On Thu, Feb 22, 2018 at 8:17 PM, Richard Kuo <r...@codeaurora.org> wrote: > On Thu, Feb 22, 2018 at 04:45:06PM +0100, Arnd Bergmann wrote: >> * Hexagon is Qualcomm's DSP architecture. It is being actively used >> in all Snapdragon ARM SoCs, but the kernel code appears to be >> the result of a failed research project to make a standalone Hexagon >> SoC without an ARM core. There is some information about the >> project at https://wiki.codeaurora.org/xwiki/bin/Hexagon/ and >> >> https://unix.stackexchange.com/questions/246243/what-is-was-the-qualcomm-hexagon-comet-board >> There is a port to gcc-4.5 on the project page, which is evidently >> abandoned, but there is an active upstream LLVM port that is >> apparently used to build non-Linux programs. >> I would consider this one a candidate for removal as well, given that >> there were never any machines outside of Qualcomm that used this, >> and they are no longer interested themselves. > > It's difficult for me to speak to the decisions as I can understand > your point of view, but maybe I can speak to some of the status. > > We still use the port internally for kicking the tools around and other > research projects. As you noticed we're not doing gcc anymore; we're > using LLVM for both kernel and userspace. Yes there have been some > caveats but it does work within confines. > > Time is unfortunately just limited for me to upstream some of my kernel > fixes and cleanups, and there are some things that just haven't shown > up externally yet. > > However, as James Hogan mentioned, having it in the tree really has been > useful because it gets included in the various upstream changes and > fixes, which we appreciate. > > So hopefully this will help inform the decision a little better. > > If you have any other questions please let me know.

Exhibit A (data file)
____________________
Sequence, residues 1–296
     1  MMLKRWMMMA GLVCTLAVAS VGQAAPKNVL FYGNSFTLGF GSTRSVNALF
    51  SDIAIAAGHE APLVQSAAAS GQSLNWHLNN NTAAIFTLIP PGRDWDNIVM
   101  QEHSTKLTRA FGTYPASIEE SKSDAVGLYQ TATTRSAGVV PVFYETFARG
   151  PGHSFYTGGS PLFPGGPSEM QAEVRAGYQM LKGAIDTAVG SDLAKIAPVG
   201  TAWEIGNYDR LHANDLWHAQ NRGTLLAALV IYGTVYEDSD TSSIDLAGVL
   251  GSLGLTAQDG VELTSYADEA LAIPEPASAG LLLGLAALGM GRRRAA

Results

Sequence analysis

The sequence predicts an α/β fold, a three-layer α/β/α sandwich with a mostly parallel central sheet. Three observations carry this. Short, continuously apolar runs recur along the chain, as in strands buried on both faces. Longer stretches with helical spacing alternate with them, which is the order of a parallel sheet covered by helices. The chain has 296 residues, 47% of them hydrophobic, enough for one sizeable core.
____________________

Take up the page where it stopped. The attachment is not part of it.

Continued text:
Thanks for the clarification! Since you are the maintainer and you still consider the port useful, I don't see how anyone else would be in a position to demand it to be removed, so we should keep it around until you want it gone. I still have a few questions: - Any idea how we would find out of the status ever changes? E.g. if you decide at some point that you don't find the latest Linux useful any more for your internal work, would you send a patch for removal? - How do I build an llvm based toolchain for Hexagon? Do I need patches on top of the llvm-6 release branch? Where can I find the corresponding binutils-2.30 sources? Arnd